Feeling the ripple effect of global weather - Metro US

Feeling the ripple effect of global weather

A woman has her hair fluttering in the wind during stormy weather near the lake Ammersee in the small Bavarian village of Herrsching, southern Germany, on March 31, 2015. Storm front "Niklas" sweeping over the whole country reaches a speed of 140 kilometers per hour, according to meteorologists. AFP PHOTO / CHRISTOF STACHE (Photo credit should read CHRISTOF STACHE/AFP/Getty Images)
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On this Monday, as we face a thrashing wind and a rain storm from a low brushing northeastward off our coast, I’d like to invoke a word that has some heavy political and social intones: “globalization.”

But this time, I mean it in the sense of global weather. We are, especially all around the northern hemisphere, global. We’re tied together. Weather events halfway around the globe send ripple effects, called teleconnections, that affect our weather right here in New York a week or two later.

Take the tumultuous weather in California. A persistent upper-air trough of reduced air pressure, parked just off the West Coast, is once again pounding the Golden State with snow and rain its drought-parched land is ill-prepared to totally absorb. Los Angeles is swimming today in a fresh flood of two more inches of rain (Former President Obama’s family picked a lousy time to vacation in Palm Springs). But that’s all about to change —and change things here in the Big Apple.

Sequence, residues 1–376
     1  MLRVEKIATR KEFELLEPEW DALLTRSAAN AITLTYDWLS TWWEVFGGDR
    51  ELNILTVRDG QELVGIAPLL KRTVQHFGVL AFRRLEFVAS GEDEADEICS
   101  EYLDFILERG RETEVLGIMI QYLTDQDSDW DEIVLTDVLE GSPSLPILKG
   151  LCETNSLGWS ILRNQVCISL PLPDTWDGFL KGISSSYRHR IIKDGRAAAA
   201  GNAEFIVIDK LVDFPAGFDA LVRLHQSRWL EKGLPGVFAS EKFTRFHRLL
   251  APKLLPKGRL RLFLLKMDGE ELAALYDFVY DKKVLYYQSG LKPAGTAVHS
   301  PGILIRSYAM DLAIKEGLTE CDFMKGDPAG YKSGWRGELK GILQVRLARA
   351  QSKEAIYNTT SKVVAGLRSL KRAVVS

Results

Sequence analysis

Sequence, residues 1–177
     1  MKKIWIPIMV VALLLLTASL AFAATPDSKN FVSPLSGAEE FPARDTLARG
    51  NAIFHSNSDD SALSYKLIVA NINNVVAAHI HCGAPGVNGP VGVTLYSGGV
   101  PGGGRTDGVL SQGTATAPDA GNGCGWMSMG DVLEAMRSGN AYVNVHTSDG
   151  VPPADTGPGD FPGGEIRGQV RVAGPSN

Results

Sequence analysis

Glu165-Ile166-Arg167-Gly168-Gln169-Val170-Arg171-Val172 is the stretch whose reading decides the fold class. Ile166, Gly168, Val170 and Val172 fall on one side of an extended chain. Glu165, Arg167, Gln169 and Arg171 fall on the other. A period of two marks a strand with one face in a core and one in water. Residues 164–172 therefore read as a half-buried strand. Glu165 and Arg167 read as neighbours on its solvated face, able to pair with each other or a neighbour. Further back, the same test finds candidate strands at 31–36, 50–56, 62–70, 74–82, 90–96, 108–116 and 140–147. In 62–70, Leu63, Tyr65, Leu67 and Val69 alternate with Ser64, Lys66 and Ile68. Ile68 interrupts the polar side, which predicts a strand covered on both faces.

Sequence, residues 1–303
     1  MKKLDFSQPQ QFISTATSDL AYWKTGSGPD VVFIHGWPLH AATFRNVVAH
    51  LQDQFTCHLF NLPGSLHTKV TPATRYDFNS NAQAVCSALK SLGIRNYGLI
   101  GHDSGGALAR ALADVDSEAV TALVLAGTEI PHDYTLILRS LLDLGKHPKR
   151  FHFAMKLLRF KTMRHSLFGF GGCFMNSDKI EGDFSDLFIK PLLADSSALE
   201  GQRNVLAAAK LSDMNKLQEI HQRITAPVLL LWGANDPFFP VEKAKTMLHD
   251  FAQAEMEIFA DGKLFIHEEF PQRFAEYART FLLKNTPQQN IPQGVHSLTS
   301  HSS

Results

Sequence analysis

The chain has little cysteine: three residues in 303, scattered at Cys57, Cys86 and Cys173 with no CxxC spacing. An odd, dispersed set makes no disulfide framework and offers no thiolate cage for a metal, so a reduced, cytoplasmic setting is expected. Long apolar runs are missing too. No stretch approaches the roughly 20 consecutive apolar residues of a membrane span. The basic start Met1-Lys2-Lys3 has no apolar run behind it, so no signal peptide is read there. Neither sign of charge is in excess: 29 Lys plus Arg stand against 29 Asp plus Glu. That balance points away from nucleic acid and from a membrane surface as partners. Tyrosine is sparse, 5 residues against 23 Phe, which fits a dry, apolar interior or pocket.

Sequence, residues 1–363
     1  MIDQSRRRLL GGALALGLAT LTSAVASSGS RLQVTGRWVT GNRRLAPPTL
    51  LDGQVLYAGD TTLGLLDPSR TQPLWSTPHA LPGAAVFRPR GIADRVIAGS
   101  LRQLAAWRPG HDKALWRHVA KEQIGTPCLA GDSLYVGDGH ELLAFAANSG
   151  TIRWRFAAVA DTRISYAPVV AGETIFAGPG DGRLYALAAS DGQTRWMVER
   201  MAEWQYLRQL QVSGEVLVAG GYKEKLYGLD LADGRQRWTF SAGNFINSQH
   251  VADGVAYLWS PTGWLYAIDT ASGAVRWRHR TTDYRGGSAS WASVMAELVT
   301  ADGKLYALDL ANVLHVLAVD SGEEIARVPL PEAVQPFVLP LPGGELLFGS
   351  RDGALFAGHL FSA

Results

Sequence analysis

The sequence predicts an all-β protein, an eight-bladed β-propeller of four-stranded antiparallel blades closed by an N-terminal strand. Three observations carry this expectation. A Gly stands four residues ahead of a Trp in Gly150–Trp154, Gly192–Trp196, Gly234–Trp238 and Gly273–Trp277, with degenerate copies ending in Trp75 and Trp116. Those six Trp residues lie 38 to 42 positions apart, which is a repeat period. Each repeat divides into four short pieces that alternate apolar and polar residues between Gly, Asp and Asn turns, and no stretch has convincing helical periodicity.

That West Coast trough is about to get dislodged, and head inland, to be replaced by sturdy mountain, or “ridge,” of stable, highly-pressurized air that will let California really dry out well in to February.

But as California takes a deep breath and gets its famous sunshine back, we take the consequences: colder air. That same ridge — which will meander somewhere around the West Coast into February — pokes northward into Canada, and what goes up, must come down, like a rollercoaster. The ridge will block the warming Pacific from us, forcing shots of cold, Arctic air riding down its eastern flank — smack toward us!

You’ll notice the colder regime Friday, with occasional disturbances from the northwest bringing snow flurries through the weekend. Daily highs will average in the low-mid 30s, with nights in the 20s, sometimes teens.

Don’t you just love globalization?

The week ahead

  • Today: Rain and strong winds through tonight; high 43.
  • Tomorrow: Cloudy, periods of light rain; high 44.
  • Wednesday: Partly sunny and mild; high 50.
  • Thursday: Variable clouds, cooler: high 45.
  • Friday: Becoming mostly cloudy, colder: high 39.
  • Saturday: Mostly cloudy, chance of flurries: high 36.

Michael Friedmann, a New York-area meteorologist, can currently be seen on metropolitan area cable news on weekends. Follow him on Twitter at twitter.com/WeatherTalk .”

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